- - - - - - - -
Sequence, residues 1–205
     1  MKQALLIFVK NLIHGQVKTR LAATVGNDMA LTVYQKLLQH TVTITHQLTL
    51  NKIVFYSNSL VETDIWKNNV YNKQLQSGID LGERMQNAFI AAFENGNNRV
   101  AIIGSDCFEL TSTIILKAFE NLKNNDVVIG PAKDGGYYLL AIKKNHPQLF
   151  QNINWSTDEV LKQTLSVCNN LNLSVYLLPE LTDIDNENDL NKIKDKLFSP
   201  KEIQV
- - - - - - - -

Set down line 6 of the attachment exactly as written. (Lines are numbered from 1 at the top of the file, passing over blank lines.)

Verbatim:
   201  KEIQV